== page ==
Several sitting postures are detailed as well, with brief descriptions of the chakras, and a variety of pranayama and meditation techniques, including Sushumna Purification, chakra and kundalini meditation, Bija or “seed” mantras, etc.

Regarding chakras, Grilley brings up an excellent point often overlooked:

‘When trying to describe where a chakra “is” one is in a dilemma. Common language suggests that they are physically located in the spine but the reader should bear in mind that this is both true and false. A “broken heart” is a real experience that indeed seems cantered in the heart but that is not where the feelings “are”. The chakras have a physical correspondence but they are more than physical. Bear this in mind when reading about “where” a chakra “is”. Don’t be limited by only physical conceptions.’

I found the practical section to be effective and the theory is as sound as any. This is definitely a book I value, and suggest it to anyone looking for a different perspective on yoga.


Review: Cooking by the Seasons, Kerri Ann Allrich

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Cooking by the Seasons: Simple Vegetarian Feasts, by Kerri Ann Allrich
Llewellyn Worldwide, 0738703230, 2003, 208 (+2) pp. (Including appendices, and indexes)

I was thrilled to receive Cooking by the Seasons as I’d enjoyed her previous cookbook Cooking By Moonlight. This aimed more specifically at vegetarians and vegans, a large and growing market. Delicious food non-vegetarians will enjoy as well. As with Allrich’s previous work, she writes from a Goddess-centric point of view, while briefly incorporating hints of the God and masculine energies, this work is mostly aimed at women in general.

Divided into four main sections by season, spring, summer, autumn, and winter, each contains a short description of associated colours, elements, brief bits of Goddess lore and so on, as well as menu suggestions for the festivals or sabbats.

Allrich sensibly recommends eating in tune with the seasons to align oneself closer to nature and the Goddess, eating fruits and vegetables as they’re harvested. Many recipes for light fresh greens in the summer, warm simmering soups for the winter. Too often you hear about neo-pagan festivals and such with no actual connection to the changing of the seasons and alignment with Nature; for example, harvest festivals sans the harvesting, etc. This becomes symbolic at best, and at worst supremely naive. Allrich reminds us to “eat in season” to maintain that connection to the Earth and Her bounty.

She includes recipes for flavoured wines, appetizers, soups, main course, salads and desserts for each season with appropriate produce, with a section for notes and additions. Also contains three appendices: resources list to search out ingredients and natural products, as well as a detailed list of cooking terms from US to UK, additionally there is also a measurements conversion chart. Category index, and alphabetical recipe index.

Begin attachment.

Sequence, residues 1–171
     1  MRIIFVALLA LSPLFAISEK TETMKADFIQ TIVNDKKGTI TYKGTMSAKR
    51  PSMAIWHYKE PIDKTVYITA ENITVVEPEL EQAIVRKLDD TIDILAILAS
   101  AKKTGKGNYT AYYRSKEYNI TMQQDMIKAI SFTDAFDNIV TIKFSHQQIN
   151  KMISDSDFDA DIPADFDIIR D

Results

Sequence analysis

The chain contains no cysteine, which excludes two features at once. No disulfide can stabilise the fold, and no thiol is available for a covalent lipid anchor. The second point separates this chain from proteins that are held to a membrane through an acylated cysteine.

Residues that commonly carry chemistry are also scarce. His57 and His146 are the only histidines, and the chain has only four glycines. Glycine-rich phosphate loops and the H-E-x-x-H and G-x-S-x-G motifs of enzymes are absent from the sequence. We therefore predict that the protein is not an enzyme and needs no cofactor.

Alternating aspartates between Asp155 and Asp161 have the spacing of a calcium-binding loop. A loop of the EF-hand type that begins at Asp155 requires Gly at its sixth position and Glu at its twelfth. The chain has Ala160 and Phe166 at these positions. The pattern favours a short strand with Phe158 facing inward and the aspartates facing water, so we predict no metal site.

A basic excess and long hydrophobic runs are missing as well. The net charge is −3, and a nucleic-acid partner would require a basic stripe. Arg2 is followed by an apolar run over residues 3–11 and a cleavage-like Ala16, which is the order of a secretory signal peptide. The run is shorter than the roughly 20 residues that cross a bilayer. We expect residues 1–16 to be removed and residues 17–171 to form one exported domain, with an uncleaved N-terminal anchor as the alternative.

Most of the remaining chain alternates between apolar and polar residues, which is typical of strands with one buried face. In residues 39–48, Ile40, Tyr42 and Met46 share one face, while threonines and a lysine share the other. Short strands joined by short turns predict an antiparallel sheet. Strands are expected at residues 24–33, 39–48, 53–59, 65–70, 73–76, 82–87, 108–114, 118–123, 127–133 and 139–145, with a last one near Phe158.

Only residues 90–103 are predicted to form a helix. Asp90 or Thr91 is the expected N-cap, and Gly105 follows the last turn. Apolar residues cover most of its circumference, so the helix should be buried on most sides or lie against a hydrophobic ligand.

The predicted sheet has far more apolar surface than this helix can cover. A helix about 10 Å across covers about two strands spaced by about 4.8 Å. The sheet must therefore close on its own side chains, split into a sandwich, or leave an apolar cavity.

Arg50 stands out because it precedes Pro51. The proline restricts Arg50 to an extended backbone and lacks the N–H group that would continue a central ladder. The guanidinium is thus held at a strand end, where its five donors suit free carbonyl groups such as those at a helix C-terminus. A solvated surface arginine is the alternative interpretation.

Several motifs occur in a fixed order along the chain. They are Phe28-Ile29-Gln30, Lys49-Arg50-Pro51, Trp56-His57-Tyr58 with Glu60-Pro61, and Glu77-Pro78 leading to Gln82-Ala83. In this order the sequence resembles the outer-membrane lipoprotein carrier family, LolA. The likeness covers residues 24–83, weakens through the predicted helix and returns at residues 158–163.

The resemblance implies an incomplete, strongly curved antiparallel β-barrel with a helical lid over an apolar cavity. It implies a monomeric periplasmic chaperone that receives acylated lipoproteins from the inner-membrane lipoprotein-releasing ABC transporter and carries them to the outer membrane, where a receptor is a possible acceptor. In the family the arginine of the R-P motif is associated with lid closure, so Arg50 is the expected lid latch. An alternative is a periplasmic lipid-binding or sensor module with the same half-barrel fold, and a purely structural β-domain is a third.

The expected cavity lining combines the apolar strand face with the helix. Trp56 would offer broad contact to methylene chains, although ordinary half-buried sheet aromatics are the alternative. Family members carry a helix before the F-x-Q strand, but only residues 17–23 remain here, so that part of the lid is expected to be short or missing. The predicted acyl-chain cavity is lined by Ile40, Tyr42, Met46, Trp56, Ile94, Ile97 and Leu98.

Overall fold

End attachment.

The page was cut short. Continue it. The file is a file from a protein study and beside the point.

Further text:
As mentioned in a previous review, I’m no gourmet chef, however, when reviewing a cookbook, it makes sense to give the recipes a go. So I had a go at making the Baked Eggplant with Goat Cheese (page 74), as I love eggplant though rarely know what to do with it. It turned out fantastic, absolutely divine. I even managed to find something my notoriously picky husband (a non-vegetarian) loved, the Bread Crumb Pasta For Two (page 121). The recipes were easy to follow, making me almost feel like a chef on surveying and enjoying the finished product.

I’m gradually learning that food can be much more than stuff you eat to stay alive – it can also be a delicious life affirming experience to be sensually induced and indulge in. Kerri Ann Allrich’s cookbooks have contributed to a large part of that. If you’re looking for something deliciously flavourful to add to your cooking repertoire, pick this up.


Review: Cooking by Moonlight, Kerri Ann Allrich

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Cooking by Moonlight: A Witch’s Guide to Culinary Magic, by Kerri Ann Allrich
Llewellyn Worldwide, 1567180159, 2003, 224 (including appendix and index)

Advice on what to keep stocked in your kitchen, as well as attributes of various ‘love foods’, which foods are best to eat under which moon and season, and why. Excellent recipies, most of the ones with meat ingredients have vegetarian alternatives, which, being a vegetarian, I consider very thoughtful.

I do own a few cookbooks, but they’re quite dusty, as I don’t generally cook. I’ve got a few recipies and things I know how to assemble, but that number doesn’t top a dozen. And half of them simply require adding milk to a package of dried flaky bits. If it can’t be made in 10 minutes or less I dunno how. But a cookbook was sent with a neo-pagan spin, and how could I resist giving it a go?

I made the Cinnamon Zucchini Bread (pg. 117), the ingredients were simple enough, but I had no idea what it meant to ‘fold in the zucchini’, I called my sister who is a baker, and she told me, thinking I was an idiot for not immediately understanding. This easily could have been idiocy on my part, but an appendix of ‘Baking Terms for Dummies’ would have been helpful. At any rate, the bread turned out to be absolutely delicious.

Very Gooddess-centric (there is little mention of the God throughout this book) it contains many references to ‘Wise Woman’ (though none to Cunning Man), this is a cookbook clearly meant for women. Though I’m sure both sexes will appreciate the tastey recipies found within, however it would have been nice to see a bit more of a nod to the fellas. That, and a gloassary would be my only complaints, otherwise it’s a delightful book, an excellent addition to the library of any kitchen witch.